Fancy an excerpt from Mercedes Rochelle’s latest exciting novel, The Usurper King? Then look no futher.
Here’s the story.
From Outlaw to Usurper, Henry Bolingbroke fought one rebellion after another.
First, he led his own uprising. Gathering support the day he returned from exile, Henry marched across the country and vanquished the forsaken Richard II. Little did he realize that his problems were only just beginning. How does a usurper prove his legitimacy? What to do with the deposed king? Only three months after he took the crown, Henry IV had to face a rebellion led by Richard’s disgruntled favorites. Worse yet, he was harassed by rumors of Richard’s return to claim the throne. His own supporters were turning against him. How to control the overweening Percies, who were already demanding more than he could give? What to do with the rebellious Welsh? After only three years, the horrific Battle of Shrewsbury nearly cost him the throne—and his life. It didn’t take long for Henry to discover that that having the kingship was much less rewarding than striving for it.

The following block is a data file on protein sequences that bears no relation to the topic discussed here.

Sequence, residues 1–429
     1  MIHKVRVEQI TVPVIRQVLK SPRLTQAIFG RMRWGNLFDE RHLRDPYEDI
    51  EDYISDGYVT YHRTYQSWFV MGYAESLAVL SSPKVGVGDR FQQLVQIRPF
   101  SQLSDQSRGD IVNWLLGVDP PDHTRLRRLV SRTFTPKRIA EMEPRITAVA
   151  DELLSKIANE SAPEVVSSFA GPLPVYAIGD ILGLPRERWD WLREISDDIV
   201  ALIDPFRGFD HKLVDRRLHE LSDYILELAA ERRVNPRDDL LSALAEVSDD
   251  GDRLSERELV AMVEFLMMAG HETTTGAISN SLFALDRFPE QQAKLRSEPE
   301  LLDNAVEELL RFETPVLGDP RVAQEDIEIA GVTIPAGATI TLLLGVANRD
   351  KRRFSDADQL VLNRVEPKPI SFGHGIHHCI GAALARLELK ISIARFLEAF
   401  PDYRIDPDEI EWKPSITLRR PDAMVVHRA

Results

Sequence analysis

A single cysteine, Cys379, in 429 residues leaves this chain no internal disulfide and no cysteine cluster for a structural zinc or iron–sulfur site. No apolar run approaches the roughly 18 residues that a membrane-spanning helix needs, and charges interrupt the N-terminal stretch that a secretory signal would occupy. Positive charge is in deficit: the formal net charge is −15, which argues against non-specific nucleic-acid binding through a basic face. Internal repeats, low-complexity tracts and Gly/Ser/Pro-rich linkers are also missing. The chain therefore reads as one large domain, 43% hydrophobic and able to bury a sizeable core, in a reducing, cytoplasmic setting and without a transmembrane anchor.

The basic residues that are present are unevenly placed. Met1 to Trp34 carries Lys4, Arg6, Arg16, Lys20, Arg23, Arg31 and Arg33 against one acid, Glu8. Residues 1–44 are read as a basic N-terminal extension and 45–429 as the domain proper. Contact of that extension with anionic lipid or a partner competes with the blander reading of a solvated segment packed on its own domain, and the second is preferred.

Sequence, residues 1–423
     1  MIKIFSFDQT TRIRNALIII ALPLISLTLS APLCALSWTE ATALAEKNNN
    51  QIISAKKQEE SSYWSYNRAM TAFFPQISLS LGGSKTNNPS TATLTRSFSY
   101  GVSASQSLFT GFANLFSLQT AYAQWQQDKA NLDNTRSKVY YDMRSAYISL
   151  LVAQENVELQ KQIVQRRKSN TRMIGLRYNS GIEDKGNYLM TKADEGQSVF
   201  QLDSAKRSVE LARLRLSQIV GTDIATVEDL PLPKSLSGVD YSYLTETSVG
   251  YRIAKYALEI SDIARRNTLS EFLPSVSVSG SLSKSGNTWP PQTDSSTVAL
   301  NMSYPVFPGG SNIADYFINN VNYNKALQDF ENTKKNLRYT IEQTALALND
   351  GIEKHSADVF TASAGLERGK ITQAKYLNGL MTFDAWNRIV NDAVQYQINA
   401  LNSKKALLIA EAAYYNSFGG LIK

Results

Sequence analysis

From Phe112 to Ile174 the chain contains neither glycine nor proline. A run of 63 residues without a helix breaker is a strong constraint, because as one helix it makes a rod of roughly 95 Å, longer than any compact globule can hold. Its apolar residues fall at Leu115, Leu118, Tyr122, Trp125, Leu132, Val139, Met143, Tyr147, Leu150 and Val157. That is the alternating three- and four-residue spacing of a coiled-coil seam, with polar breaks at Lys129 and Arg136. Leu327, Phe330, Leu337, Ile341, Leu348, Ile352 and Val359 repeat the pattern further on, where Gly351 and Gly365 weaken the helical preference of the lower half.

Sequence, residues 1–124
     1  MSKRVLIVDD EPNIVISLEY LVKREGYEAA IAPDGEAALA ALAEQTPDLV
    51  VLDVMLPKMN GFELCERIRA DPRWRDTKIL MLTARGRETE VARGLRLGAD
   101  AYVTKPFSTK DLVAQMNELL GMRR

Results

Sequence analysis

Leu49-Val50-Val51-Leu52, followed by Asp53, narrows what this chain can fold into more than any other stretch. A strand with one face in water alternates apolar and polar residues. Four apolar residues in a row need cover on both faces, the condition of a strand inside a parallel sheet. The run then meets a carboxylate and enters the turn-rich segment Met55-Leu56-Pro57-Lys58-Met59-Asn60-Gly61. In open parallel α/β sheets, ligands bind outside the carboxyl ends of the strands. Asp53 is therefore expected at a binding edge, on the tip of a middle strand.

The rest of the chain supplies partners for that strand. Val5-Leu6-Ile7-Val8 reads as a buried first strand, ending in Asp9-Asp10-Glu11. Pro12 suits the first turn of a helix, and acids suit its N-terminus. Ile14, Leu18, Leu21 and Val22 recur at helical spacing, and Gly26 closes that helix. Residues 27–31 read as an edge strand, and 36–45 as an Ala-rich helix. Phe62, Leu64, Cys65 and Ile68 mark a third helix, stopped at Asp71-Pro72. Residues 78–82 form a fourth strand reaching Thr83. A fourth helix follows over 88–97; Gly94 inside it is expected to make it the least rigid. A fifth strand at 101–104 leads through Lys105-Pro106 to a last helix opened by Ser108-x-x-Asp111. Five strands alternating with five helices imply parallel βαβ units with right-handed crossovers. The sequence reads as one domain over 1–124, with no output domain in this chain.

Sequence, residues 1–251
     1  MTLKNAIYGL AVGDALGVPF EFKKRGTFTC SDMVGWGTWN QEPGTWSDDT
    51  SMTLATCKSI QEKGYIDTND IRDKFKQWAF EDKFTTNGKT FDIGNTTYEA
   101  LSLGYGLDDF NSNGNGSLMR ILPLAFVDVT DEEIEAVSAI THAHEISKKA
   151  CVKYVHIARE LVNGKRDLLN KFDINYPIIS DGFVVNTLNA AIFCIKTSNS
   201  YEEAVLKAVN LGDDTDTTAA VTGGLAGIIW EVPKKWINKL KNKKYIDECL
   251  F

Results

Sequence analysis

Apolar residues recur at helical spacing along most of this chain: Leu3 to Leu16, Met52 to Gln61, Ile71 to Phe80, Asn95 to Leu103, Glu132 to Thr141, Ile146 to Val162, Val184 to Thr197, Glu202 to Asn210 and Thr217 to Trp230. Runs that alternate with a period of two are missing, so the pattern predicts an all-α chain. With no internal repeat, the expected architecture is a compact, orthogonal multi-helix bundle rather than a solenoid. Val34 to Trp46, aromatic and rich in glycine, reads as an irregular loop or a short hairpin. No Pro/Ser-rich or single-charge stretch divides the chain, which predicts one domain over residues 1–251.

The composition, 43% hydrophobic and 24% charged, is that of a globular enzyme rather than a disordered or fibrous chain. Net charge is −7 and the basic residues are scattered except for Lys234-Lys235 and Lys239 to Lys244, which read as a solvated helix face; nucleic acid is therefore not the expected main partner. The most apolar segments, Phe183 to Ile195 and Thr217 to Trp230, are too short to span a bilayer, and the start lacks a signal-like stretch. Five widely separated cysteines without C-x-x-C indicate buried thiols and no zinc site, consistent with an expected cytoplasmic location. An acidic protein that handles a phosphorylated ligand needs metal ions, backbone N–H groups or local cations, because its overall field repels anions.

Here’s the excerpt.
“His mouth suddenly dry, Henry wished he had some wine. “I’m told that after Richard learned about the rebellion and the death of his supporters, he stopped eating.” He paused, waiting for Hal’s reaction. So far there was none. “My constable sent in a priest to convince Richard that starving himself to death was a mortal sin. After that, he tried to eat, but he had gone so far his throat constricted and he couldn’t swallow. He died shortly after.”